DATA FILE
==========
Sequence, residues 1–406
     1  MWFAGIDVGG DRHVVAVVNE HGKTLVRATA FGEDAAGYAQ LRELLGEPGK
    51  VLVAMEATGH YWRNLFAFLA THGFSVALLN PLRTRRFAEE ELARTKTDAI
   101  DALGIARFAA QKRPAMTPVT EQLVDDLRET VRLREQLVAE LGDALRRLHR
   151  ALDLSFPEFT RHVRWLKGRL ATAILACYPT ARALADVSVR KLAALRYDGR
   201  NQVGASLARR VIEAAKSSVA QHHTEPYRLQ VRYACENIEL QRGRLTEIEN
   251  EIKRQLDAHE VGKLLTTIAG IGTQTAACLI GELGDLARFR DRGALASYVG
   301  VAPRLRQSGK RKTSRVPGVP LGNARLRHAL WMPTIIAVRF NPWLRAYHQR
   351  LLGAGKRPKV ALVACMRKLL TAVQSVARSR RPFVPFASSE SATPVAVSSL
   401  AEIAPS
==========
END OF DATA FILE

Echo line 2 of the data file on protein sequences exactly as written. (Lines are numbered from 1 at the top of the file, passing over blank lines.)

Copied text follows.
     1  MWFAGIDVGG DRHVVAVVNE HGKTLVRATA FGEDAAGYAQ LRELLGEPGK